Kostas Alibertis, chief of the Western Albemarle Rescue Squad (WARS), understands that the Coronavirus has the potential to disrupt Emergency Medical Services (EMS) throughout the country. A protocol is now in place implementing screening questions that are a phased response to the crisis.
Alibertis described the squad as being “proactive” and well-equipped with personal protection equipment to limit the exposure of all volunteers. They are now using Zoom to avoid any group, in-person meetings.
The squad continues to receive the calls for accidents and acute illness and has confidence that the 911 screening requirements accurately identify coronavirus symptoms. There are national dispatch standards for 911 to screen callers for fever, extent of travel and contact with others. Before transport, the squad volunteer must alert the hospital about any mitigating circumstances. Not all patients seen by EMS qualify for transport. According to protocol, some people are advised to stay at home.
Alibertis recommends that the community get information from official sources such as the Virginia Department of Health (vdh.virginia.gov/coronavirus). Some news sources may not distinguish between presumptive positive Covid19 cases and test-confirmed positive cases. The positive case numbers continue to grow and change even though “social distancing” is the new normal.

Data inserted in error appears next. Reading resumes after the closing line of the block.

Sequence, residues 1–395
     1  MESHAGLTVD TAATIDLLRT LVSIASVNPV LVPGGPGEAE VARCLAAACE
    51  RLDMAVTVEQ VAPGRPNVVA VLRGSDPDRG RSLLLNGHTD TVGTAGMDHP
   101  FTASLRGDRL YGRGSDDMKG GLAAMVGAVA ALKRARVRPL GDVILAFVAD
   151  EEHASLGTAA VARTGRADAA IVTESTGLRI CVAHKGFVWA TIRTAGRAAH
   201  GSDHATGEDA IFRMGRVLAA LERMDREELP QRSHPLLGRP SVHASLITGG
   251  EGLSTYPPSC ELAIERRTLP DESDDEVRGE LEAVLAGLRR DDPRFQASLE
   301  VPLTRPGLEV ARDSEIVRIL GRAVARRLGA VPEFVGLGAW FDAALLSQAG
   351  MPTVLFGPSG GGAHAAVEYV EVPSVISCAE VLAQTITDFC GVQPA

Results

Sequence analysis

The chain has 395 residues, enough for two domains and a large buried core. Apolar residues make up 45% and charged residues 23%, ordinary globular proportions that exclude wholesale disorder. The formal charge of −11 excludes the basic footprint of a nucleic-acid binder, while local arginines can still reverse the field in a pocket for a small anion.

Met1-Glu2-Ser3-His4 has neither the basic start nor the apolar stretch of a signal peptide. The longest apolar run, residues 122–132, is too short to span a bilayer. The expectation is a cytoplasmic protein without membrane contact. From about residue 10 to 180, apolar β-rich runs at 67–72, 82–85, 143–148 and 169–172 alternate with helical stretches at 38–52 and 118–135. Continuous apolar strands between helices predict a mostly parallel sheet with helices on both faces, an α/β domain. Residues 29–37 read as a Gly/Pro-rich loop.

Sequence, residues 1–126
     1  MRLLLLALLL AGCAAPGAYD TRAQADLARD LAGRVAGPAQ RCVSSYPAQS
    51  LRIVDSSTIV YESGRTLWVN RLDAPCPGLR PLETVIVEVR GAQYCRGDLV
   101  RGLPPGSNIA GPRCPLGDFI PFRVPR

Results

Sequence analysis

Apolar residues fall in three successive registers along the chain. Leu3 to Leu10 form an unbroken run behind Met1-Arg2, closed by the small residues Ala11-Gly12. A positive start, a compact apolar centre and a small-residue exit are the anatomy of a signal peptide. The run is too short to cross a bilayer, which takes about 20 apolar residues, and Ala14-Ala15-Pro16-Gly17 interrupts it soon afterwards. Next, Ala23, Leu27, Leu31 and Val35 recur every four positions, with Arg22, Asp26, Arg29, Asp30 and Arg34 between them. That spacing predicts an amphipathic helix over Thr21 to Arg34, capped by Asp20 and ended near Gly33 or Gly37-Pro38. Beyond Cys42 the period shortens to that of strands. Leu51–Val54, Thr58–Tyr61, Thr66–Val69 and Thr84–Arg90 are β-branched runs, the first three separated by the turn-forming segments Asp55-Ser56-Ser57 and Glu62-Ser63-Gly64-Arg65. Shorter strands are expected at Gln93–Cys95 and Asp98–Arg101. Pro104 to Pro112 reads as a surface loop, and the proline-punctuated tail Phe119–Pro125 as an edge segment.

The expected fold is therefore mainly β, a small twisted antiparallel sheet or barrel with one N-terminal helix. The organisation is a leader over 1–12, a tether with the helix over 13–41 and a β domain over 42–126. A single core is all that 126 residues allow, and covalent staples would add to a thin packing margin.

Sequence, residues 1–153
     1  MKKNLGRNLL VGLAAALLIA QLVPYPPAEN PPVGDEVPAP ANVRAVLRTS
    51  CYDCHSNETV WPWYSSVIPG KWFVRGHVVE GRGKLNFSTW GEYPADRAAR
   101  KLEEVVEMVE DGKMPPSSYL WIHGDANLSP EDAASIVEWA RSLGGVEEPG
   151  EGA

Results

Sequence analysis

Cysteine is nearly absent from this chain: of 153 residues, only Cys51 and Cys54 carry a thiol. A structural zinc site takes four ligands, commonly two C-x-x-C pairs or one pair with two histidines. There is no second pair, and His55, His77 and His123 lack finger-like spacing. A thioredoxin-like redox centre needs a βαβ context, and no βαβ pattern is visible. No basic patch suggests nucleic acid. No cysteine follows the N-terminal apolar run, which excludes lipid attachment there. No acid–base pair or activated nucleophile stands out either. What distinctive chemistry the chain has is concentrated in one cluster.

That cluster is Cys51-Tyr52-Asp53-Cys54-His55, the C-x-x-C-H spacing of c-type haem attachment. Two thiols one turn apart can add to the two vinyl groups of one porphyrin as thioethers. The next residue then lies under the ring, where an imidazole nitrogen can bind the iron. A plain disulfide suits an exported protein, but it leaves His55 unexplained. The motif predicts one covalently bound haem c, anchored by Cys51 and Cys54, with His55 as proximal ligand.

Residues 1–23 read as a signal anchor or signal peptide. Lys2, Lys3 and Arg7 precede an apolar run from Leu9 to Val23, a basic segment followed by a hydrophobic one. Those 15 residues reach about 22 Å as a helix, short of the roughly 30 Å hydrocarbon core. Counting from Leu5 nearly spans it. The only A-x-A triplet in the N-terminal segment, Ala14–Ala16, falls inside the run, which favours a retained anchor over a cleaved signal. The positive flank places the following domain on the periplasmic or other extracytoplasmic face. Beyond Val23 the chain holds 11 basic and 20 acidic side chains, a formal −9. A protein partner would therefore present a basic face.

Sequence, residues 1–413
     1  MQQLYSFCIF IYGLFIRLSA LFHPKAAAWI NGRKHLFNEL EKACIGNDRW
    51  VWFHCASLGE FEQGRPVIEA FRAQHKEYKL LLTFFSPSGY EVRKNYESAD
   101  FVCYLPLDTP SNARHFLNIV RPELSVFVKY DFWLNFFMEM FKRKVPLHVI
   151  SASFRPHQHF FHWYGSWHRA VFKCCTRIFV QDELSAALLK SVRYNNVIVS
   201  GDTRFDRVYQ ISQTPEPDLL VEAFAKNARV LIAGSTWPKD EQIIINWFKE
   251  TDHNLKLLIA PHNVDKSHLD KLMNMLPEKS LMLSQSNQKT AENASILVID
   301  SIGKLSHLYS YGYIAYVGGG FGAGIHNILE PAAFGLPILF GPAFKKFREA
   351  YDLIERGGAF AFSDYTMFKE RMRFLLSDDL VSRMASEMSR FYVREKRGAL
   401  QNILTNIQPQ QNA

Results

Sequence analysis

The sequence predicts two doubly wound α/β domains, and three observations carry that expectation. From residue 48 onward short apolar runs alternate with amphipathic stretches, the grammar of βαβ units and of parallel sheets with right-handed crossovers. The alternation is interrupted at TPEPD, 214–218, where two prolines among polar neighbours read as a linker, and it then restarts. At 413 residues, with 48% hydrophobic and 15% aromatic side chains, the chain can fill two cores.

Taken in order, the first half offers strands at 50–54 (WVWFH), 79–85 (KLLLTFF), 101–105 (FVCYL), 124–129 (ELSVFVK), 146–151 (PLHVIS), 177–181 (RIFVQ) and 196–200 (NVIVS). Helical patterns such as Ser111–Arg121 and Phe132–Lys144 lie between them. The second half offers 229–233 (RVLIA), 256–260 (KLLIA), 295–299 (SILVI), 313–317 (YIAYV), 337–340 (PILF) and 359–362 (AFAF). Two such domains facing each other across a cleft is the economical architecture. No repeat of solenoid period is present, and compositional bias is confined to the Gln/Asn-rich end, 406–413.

Wintergreen Fire and Rescue Chief Curtis Sheetz said the current emergency changes some of their protocols. Equipment is now rationed and careful consideration is given to what can be reused. Crews are separated into different buildings to reduce contagion risk. Two condos at Wintergreen were rented for the squad’s use. Initially, Sheetz thought this may be an extreme step, but he now agrees it was well-considered. One is currently used to isolate rescue volunteers waiting for the testing results ordered for those served.
The squad planned to hire additional Emergency Medical Technicians (EMTs) in the fall, but moved the plan up and has hired two new EMTs with another in prospect. Many of the volunteers are over 60 years old, so with Virginia now loosening some of the normal state requirements, younger snowplow drivers have been trained as ambulance drivers with 15 hours of training.
Wintergreen shares personnel and protective equipment with the all-volunteer Rockfish Valley Volunteer Fire and Rescue (RVVFR) in Afton. A pair of medical professionals are leading the medical unit of RVVFR. Teresa Davis, Augusta Medical Center Clinical Lab Technologist is the EMS Captain and Tony Reeves, a University of Virginia Health System employee, is the EMS Lieutenant. Davis may be contacted at [email protected]aMed.com.
Questions about coronavirus COVID-19 are directed locally to the Virginia Department of Health Thomas Jefferson Health District Hotline (434) 972- 6261 or visit VDH.virginia.gov/coronavirus for information.